Birds' Nests - Poem by Edward Thomas
he summer nests uncovered by autumn wind,
Some torn, others dislodged, all dark,
Everyone sees them: low or high in tree,
Or hedge, or single bush, they hang like a mark.
Since there's no need of eyes to see them with
I cannot help a little shame
That I missed most, even at eye's level, till
The leaves blew off and made the seeing no game.
'Tis a light pang. I like to see the nests
Still in their places, now first known,
At home and by far roads. Boys knew them not,
Whatever jays and squirrels may have done.
And most I like the winter nests deep-hid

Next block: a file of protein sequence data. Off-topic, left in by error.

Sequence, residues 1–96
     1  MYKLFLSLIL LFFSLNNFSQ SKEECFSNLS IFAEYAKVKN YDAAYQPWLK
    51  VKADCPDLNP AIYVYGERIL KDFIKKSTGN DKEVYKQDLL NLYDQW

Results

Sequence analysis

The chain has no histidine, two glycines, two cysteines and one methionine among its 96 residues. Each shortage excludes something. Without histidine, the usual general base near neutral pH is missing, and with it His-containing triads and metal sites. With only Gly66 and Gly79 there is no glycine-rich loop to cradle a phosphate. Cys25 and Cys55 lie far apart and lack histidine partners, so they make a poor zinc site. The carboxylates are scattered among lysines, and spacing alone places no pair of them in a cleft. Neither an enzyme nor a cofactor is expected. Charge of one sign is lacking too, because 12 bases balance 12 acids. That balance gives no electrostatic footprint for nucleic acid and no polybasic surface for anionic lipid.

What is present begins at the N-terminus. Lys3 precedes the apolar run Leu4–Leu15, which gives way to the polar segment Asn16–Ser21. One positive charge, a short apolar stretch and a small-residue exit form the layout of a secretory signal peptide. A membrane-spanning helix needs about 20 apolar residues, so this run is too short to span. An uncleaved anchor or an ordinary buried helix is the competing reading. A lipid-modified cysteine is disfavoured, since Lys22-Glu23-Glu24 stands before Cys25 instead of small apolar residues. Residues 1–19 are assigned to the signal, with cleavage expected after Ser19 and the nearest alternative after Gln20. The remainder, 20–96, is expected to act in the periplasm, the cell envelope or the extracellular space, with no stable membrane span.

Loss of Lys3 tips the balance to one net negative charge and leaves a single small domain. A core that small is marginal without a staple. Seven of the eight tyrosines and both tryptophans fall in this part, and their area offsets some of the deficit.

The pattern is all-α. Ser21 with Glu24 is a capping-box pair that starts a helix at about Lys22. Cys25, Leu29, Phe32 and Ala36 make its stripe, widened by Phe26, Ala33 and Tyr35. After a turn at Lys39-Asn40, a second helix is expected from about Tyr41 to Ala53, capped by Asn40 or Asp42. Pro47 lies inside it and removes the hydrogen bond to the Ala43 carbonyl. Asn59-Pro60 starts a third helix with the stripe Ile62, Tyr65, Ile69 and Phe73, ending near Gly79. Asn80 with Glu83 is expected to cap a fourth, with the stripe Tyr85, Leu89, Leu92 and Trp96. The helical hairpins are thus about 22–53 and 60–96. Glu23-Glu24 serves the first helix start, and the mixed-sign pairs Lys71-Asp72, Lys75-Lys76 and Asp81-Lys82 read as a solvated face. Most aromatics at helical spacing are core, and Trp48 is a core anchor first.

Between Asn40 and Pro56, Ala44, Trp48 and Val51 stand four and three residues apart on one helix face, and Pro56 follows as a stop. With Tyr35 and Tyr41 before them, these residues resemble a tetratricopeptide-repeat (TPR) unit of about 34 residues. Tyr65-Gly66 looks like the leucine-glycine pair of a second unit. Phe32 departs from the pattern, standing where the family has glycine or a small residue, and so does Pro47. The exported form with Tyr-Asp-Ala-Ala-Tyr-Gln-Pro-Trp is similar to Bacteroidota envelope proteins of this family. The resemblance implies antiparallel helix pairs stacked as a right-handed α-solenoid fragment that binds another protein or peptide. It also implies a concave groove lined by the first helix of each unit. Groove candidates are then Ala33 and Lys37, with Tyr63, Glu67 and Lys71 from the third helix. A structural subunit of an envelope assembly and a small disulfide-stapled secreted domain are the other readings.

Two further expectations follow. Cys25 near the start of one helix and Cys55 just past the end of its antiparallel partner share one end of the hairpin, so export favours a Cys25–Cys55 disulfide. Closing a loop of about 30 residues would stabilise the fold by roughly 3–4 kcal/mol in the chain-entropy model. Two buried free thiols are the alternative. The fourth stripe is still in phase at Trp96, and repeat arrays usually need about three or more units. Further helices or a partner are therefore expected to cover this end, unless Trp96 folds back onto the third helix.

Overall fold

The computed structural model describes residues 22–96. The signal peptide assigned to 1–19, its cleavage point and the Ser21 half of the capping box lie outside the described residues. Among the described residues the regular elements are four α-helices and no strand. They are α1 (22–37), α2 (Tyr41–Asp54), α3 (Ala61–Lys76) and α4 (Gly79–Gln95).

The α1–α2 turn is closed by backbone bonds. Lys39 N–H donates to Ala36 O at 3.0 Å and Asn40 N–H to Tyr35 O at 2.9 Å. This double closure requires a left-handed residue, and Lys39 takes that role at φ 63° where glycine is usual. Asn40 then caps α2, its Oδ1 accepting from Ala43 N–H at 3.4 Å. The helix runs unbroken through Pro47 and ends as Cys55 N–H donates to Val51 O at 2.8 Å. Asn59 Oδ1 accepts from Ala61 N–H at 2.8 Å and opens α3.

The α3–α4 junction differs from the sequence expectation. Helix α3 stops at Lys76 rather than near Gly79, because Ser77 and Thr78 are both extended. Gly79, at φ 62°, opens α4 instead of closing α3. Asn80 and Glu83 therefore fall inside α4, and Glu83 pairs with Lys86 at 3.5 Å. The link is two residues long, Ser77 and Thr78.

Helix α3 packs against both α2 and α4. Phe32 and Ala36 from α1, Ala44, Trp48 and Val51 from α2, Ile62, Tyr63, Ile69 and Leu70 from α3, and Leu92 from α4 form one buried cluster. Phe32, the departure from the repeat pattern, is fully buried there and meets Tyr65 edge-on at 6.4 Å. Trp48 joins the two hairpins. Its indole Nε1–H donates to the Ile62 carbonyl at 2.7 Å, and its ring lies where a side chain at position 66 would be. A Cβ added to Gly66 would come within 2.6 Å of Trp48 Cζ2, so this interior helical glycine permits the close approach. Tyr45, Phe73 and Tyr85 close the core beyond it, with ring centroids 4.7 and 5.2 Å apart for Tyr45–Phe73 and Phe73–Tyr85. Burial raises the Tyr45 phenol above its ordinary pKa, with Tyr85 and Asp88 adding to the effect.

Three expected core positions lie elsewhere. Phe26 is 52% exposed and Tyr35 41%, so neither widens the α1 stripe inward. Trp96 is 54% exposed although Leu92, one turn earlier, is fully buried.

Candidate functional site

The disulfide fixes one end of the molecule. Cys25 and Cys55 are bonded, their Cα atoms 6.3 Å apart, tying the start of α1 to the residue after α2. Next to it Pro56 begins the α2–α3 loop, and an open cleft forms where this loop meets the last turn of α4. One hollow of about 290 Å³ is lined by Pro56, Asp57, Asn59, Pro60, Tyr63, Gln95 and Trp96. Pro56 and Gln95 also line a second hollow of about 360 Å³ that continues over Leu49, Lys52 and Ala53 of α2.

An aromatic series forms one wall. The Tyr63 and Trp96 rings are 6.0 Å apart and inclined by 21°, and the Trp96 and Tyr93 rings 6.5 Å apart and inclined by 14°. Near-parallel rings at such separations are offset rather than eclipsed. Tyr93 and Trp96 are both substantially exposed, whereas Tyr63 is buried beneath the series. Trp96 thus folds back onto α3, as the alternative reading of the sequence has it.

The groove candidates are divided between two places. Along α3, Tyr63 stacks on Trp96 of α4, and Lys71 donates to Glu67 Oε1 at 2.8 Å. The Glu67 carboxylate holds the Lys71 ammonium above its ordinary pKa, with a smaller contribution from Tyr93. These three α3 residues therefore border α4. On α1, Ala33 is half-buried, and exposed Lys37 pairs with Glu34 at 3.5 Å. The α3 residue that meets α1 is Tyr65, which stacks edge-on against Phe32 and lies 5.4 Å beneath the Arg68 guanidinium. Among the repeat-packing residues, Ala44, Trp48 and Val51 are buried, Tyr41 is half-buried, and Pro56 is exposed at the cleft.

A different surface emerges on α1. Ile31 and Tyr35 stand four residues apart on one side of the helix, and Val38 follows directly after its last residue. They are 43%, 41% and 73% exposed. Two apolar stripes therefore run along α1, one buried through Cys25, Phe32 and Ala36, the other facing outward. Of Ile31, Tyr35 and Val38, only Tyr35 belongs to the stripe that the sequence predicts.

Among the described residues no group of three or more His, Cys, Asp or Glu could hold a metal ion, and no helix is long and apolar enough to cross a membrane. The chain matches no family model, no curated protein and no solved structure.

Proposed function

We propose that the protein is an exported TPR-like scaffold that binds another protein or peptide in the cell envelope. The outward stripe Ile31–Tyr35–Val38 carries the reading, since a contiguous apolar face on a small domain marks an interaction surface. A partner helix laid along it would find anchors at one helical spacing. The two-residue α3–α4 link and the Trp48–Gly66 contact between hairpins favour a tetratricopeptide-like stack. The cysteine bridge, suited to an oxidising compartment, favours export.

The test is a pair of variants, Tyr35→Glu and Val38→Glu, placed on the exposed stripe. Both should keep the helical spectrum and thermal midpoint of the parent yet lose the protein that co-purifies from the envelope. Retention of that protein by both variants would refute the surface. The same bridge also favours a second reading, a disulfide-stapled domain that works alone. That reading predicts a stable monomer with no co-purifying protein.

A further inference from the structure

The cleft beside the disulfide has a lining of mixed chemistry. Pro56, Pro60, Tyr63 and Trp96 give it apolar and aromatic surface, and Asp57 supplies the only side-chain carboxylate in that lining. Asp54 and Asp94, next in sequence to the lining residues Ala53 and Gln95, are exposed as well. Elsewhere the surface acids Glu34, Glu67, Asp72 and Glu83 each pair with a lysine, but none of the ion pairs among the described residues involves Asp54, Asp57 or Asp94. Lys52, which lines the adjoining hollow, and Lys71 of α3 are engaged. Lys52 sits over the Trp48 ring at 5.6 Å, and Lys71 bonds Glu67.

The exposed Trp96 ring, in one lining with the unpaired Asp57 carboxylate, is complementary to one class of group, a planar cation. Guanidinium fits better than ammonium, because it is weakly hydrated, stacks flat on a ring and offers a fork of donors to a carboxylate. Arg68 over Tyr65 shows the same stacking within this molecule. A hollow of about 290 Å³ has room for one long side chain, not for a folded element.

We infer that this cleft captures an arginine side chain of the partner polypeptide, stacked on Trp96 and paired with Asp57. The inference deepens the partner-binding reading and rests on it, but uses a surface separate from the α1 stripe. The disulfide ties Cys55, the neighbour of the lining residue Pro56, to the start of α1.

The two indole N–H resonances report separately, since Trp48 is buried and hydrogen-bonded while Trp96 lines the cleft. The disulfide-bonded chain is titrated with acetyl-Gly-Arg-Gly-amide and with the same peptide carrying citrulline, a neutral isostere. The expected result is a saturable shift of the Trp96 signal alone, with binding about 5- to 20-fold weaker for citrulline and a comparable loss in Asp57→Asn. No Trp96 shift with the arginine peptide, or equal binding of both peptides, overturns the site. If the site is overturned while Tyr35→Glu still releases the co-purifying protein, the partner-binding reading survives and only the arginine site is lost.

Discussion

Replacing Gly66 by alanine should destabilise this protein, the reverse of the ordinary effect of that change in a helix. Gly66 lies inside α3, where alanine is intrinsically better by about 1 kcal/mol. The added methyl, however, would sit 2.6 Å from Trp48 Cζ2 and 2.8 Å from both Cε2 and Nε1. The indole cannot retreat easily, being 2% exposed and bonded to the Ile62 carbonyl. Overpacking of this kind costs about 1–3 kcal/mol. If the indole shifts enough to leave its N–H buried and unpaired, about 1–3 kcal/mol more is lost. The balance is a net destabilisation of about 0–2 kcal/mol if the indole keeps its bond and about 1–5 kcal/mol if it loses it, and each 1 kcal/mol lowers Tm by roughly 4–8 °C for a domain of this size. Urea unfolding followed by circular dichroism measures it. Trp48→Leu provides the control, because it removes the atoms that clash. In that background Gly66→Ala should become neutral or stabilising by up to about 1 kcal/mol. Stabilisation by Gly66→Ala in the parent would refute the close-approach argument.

That leaves and berries fell into:
Once a dormouse dined there on hazel-nuts,
And grass and goose-grass seeds found soil and grew.
Comments about Birds' Nests by Edward Thomas
Read this poem in other languages
This poem has not been translated into any other language yet.
- Still I RiseMaya Angelou
- The Road Not TakenRobert Frost
- If You Forget MePablo Neruda
- DreamsLangston Hughes
- Annabel LeeEdgar Allan Poe
- Stopping By Woods On A Snowy EveningRobert Frost
- IfRudyard Kipling
- Do Not Stand At My Grave And WeepMary Elizabeth Frye
- I Do Not Love You Except Because I Love YouPablo Neruda
- TelevisionRoald Dahl